that civilized man had probably never seen
before—for the “convulsions” were the in
tricate gyrations of the bird’s full display.
It was hanging head downward from its
perch, its head at the apex of an inverted
triangle of shimmering, rippling blue. An oval
patch of velvet black on the abdomen was
crowned by a mulberry row of feathers and a
glowing aureole of blue and white, flanked by
the browiysh-mauve inner surface of the
Copyright, 1934, United Newspapers Magazine Corporation
wings. Above the tail
feathers the long
“wires" rose to half
their length and drop
ped gracefully out
ward, with their little
tabs on the ends danc
ing as the bird moved
its body. Every mo
tion caused waves of
color to roll across the
breast feathers.
While that inverted
form is typical of the
blue bird of paradise
and some others, the displays of most of the
birds in our collection are quite different. One
of the handsomest is that of Count Salvadori 's
Bird of Paradise, which we have in the collec
tion. I shall never forget the first time 1 saw
that species displaying.
It was in 1929, when the New York Zoologi
cal Society's New Guinea expedition was on
the way back to Mekeo from the mountain
regions where most of our present collection
had been captured. We were crossing the slope
of a hill when I heard the harsh calls of Count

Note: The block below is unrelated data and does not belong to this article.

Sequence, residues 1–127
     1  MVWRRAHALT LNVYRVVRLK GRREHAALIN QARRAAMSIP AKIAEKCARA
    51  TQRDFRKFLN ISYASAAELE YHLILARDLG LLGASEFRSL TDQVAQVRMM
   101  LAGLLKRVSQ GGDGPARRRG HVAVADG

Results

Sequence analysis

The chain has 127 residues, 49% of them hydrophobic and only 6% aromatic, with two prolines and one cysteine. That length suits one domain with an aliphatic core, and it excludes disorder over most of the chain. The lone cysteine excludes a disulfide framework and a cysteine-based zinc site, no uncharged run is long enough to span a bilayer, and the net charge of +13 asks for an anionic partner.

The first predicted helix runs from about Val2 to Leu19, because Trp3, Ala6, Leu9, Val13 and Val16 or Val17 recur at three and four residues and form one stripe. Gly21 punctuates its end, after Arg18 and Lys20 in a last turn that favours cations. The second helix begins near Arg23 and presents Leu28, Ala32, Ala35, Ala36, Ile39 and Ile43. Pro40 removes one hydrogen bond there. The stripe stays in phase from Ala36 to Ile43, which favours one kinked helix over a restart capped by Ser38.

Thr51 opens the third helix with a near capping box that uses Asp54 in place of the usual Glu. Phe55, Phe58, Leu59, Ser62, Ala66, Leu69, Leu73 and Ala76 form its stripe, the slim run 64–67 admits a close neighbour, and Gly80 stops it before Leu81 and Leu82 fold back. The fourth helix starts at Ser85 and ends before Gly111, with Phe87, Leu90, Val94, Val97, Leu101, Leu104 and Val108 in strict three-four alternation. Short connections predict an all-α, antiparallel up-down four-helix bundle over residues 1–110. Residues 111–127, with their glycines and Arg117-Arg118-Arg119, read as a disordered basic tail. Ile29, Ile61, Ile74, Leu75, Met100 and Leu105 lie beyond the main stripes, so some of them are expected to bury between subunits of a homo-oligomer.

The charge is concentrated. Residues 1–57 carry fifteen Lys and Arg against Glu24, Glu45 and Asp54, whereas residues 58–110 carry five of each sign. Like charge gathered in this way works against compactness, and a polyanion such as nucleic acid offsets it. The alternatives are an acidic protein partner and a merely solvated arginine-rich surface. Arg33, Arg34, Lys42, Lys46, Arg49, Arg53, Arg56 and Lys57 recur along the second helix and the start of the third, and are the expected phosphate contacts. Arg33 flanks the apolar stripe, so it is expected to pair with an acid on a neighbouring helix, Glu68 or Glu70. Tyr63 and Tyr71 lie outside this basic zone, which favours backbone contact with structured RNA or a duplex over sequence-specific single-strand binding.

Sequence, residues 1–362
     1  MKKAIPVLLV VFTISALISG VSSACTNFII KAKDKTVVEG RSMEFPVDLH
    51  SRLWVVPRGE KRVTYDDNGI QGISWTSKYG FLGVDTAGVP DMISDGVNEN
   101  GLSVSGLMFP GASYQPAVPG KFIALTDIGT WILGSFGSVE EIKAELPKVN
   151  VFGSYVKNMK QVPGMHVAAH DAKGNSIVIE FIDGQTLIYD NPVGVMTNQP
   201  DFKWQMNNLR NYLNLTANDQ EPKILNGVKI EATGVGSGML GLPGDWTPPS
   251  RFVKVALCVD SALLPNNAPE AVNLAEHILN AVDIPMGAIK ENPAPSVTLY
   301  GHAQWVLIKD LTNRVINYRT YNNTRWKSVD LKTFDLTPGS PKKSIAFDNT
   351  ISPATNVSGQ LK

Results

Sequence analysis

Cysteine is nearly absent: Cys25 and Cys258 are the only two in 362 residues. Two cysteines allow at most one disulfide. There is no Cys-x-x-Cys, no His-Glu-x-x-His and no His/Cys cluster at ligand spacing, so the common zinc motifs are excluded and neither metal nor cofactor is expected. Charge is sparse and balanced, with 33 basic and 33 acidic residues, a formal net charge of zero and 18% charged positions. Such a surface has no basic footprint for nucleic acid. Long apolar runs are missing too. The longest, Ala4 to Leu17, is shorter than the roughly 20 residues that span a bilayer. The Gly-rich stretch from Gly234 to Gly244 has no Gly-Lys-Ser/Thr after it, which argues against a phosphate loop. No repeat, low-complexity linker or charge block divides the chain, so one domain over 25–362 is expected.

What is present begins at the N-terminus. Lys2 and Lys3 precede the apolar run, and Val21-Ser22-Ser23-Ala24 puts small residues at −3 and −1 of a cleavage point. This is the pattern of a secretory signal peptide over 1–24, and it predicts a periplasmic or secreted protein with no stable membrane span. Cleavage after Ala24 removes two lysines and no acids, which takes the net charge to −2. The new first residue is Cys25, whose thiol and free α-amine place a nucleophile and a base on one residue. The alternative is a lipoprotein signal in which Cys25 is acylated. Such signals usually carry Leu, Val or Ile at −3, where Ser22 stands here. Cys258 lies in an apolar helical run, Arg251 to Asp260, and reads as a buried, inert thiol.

Salvadori's Bird of Paradise somewhere close
Covrtoty N. y. Zoological Society
by. My only companion was Koi, a native boy.
We were well behind the rest of the party and
Koi was impatiently trying to hurry me along;
but I insisted on turning aside from the trail
for one last look at the bird in its native
1 was rewarded with one of the greatest
thrills of the expedition.
Eelow me on the slope a tree some fifty feet
tall reared its bare trunk, with a dense canopy
of green leaves at the very top. A few dead
limbs jutted from the trunk, and on them
were four of the Salvadori Birds of Paradise in
full blaze of color. They were working up to
the height of their courtship dance as I crept
through the bush and stared down at them
from a distance of only a few yards.
Their bodies stiff and horizontal, their red
brown wings spread in gracefully curved fans,
their plumes of w ine and red arching above
their backs and falling in a tremulous cascade,
they hopped in staccato time back and forth
along the branches and pecked at imaginary
enemies. For a few seconds each would be
come quiet and then, with a sudden outburst
of harsh calls, expand its wings and resume its
I could have stood there for hours, oblivious
to the heat and my utter fatigue; but Koi
would not lag behind an instant longer, and
reluctantly I tore myself away.
Many times since then I have seen our
Count Salvadori's Bird of Paradise ecstati
cally treading the measures of its courtship
dance in its solitary cage in the Zoological
Park. It is always a marvelous sight, but it
will never seem as lovely as that first and only >
glimpse of the four birds in the heart of the
For a time that chance vision provided me
with a major mystery. I knew that the court
ship season was over for the birds of paradise
of that particular group- and yet they were
certainly going through their courtship dance
(Continued on pogo IS)